“Graham says he decided to write [the book] after a year he spent as a fellow at the Kennedy School at Harvard after he retired from the Senate in 2005. [He said]: “What I discovered was that this select group of undergraduates was about as civically illiterate as the students I had taught at that high school.”
Unfortunately, he says, that was no surprise. “1974 was right on the cusp of a major change in the teaching of civics in America. When I graduated from high school in 1955, I had taken three classes in civics. Today a student is lucky to have had one semester of civics between seventh and 12th grade.”
Even if students do take civics now, they’re taught what Graham calls “spectator civics” — they teach students how to watch the game of democracy.
“Democracy was never intended to be a spectator sport.”
Graham says he was surprised to find that even the Kennedy School lacked case studies of citizen action. “They were all about the actions of government officials or government agencies.” Graham and Hand used only two Kennedy School case studies for the book and reported the others themselves.
The book’s primary audience is college undergraduates and advanced placement high school students, Graham says. But it’s been used by a wide range of organizations, from the Service Employees International Union to the American Society of Landscape Architects, who “want their members to be more active and effective in engaging with government.”
Any readers who want to upgrade their skills as citizens can benefit from the book, as can people “having an immediate problem they want to be engaged in solving.”
Here are some core things from the book:
Citizenship Skills (pg. 26-27)
Each of the case studies in the ten chapters will introduce a particular citizenship skill.
1. First, you will learn how to identify and articulate the problem that you want to solve—not too narrowly, or too broadly, but just right.
2. Second, you will discover how to gather the facts necessary both to solve the problem and to persuade decision makers to adopt your proposed solution. You are not a parent arguing with a child…
3. Third, you will identify the levels of government—local, state, federal—and the particular agencies or entities within those levels that have the authority to act on your concerns and implement your proposed solutions.
4. Fourth, you will learn how to determine where members of the public who have an interest in your concern stand on your issue. Put another way, you will know how to put your toe in the water and determine whether and when it is prudent to jump into the pool.
5. Fifth, you will learn how to influence the individual decision makers who have the power to propel your initiative to victory or doom it to defeat.
6. Sixth, you will realize that the calendar on the wall, or even the watch on your wrist, can be your salvation or your undoing. Government decisions come with deadlines, and those decisions are also affected by cycles and trends.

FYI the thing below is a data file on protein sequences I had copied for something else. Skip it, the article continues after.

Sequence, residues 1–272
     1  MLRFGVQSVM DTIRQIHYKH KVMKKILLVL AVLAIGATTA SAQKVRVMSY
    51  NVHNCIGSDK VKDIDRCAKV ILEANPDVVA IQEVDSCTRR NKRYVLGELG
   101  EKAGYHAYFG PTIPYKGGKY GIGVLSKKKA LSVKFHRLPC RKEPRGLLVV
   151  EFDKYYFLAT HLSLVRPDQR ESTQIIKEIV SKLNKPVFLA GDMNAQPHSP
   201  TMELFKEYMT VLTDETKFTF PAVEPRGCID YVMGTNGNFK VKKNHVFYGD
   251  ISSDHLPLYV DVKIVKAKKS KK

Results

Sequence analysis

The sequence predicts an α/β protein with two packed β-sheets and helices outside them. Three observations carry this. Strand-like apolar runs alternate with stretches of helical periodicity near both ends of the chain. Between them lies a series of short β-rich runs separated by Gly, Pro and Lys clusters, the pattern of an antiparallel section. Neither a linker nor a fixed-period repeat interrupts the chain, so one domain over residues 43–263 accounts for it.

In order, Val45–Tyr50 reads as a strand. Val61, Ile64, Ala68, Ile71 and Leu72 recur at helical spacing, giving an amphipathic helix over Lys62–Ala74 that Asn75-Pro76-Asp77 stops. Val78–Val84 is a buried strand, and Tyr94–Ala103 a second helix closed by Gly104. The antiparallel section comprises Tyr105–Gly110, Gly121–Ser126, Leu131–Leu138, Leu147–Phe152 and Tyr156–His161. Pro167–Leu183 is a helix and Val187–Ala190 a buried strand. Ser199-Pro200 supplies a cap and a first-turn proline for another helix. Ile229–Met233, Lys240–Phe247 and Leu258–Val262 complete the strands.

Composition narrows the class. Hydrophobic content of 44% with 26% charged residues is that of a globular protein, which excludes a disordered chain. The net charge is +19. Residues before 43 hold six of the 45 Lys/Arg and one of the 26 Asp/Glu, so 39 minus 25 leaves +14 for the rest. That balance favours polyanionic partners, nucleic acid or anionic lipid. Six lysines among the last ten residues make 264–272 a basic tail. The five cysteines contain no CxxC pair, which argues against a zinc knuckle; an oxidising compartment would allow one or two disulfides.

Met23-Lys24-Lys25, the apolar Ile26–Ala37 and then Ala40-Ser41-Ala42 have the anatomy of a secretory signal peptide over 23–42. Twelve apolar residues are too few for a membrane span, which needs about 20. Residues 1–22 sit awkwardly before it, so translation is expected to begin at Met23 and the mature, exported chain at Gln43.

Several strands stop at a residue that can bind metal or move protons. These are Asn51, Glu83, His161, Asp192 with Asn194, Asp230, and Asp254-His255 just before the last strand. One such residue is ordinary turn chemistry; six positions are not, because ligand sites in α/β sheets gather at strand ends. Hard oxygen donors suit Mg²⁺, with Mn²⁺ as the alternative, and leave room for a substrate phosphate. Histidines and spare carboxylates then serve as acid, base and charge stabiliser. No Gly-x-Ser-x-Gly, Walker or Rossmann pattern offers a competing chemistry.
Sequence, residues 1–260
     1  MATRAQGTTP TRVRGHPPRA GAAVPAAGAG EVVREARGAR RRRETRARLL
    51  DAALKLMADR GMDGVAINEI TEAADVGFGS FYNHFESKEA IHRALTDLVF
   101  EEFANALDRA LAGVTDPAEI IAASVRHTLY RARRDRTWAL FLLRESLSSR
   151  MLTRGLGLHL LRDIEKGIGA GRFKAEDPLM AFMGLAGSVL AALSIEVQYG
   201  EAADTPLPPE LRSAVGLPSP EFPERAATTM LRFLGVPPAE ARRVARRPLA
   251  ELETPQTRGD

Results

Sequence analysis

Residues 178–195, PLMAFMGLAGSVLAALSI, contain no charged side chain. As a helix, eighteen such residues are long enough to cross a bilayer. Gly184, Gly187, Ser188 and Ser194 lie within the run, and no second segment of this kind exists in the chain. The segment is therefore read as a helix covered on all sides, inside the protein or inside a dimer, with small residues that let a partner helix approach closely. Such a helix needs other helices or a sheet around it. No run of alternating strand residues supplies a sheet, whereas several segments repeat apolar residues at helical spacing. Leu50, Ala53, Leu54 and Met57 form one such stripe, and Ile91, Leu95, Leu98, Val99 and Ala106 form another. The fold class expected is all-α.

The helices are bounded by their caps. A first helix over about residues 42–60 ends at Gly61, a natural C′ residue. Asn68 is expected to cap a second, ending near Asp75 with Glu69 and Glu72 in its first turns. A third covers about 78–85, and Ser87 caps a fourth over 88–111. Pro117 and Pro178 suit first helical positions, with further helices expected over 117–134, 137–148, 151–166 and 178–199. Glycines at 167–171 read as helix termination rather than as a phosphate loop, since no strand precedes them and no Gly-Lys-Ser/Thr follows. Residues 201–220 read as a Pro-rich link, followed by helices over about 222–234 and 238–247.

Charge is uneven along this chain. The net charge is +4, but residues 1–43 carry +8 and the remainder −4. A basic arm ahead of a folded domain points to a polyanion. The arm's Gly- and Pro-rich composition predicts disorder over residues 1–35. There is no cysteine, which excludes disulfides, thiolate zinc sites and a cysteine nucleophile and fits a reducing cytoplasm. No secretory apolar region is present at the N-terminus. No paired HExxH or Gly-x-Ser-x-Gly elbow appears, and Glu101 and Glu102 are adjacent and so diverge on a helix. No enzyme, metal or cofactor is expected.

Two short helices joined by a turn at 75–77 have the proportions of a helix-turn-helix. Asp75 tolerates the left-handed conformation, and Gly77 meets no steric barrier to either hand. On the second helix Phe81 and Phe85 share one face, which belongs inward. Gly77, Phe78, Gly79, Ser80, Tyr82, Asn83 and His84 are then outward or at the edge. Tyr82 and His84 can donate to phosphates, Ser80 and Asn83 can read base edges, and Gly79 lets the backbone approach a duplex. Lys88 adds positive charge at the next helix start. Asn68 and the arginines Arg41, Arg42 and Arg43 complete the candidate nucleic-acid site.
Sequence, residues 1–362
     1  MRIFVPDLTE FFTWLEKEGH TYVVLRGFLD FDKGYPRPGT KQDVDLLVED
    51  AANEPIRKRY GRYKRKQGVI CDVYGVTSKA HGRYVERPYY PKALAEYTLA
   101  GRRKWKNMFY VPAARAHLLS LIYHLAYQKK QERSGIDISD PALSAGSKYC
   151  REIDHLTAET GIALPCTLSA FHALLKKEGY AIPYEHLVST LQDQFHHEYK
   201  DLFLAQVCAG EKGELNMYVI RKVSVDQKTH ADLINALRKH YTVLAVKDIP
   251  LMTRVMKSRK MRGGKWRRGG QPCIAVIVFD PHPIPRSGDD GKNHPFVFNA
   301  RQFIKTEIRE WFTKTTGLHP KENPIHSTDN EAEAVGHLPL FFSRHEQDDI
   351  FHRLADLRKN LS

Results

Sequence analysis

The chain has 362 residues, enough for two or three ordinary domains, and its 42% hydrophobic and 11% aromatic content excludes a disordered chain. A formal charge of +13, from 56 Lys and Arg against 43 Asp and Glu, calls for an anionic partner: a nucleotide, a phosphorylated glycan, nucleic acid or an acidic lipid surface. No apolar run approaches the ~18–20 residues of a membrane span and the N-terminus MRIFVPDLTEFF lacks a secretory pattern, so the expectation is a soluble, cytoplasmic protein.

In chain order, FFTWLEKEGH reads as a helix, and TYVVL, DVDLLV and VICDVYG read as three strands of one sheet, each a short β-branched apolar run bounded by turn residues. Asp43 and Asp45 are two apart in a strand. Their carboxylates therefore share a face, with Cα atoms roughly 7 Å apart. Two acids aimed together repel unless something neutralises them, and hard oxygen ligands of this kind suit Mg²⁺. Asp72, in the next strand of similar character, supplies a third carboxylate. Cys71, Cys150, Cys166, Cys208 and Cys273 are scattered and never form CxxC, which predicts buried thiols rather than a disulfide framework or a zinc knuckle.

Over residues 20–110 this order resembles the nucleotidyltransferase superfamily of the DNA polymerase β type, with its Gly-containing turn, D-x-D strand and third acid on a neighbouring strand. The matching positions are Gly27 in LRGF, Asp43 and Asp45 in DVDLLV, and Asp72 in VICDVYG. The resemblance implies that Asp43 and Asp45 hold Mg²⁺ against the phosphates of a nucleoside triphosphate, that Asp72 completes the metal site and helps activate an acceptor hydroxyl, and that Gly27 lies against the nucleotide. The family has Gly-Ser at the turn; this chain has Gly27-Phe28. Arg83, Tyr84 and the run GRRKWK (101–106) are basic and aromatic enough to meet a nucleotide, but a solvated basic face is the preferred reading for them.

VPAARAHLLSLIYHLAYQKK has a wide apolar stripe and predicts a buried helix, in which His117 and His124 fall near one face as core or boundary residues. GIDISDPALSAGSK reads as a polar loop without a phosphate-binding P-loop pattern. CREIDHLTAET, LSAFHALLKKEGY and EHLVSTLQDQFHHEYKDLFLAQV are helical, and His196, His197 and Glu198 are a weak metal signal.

7. Seventh, you will appreciate strength in numbers and learn how to find and unite with other individuals and groups who share your concerns.
8. Eighth, you will see that the media can be a powerful ally in sharing your concerns and solutions with both decision makers and the general public to whom those officials are accountable.
9. Ninth, you will learn that civic engagement, like most things in life, has a price. You’ll need at least a small amount of financial support to be successful.
10. Tenth, you will recognize that politics is often a zero-sum game: You win or you lose. But winning or losing is not the end of your effort, and you will learn not to snatch defeat from the jaws of victory or surrender at the first obstacle.
Senator Graham hopes when you have finished reading the book you will have information and skills you need to do the following: (pg.24-25)
- Understand and Influence the decisions of government
- Achieve a positive experience with government
- Convince your school, college, or university to shift civics teaching from a lecture-based approach that focuses on governmental structure to a dynamic experience that emphasizes personal engagement
- Deal with government at the level where you are most likely to experience it
- Develop the core personal skills necessary to influence democracy. These include the critical thinking needed to analyze an issue and develop a strategy; the information-gathering aptitude to determine the facts; and the communication skills to persuade the appropriate decision makers.
- Overcome the cynicism that says you can’t affect government action and replace it with the confidence that says citizen participation is the lifeblood of democracy
- Sandra Day O’Connor objects to civics ignorance (sfgate.com)
- A Crucible Moment
- Robert McCormick Foundation Civics Program
- Democracy Schools
- Call For Civic Learning (nasblog.org)
- Why Youth Are Less Civically Minded, Active on the Environment (bigthink.com)
THANKS FOR READING 🙂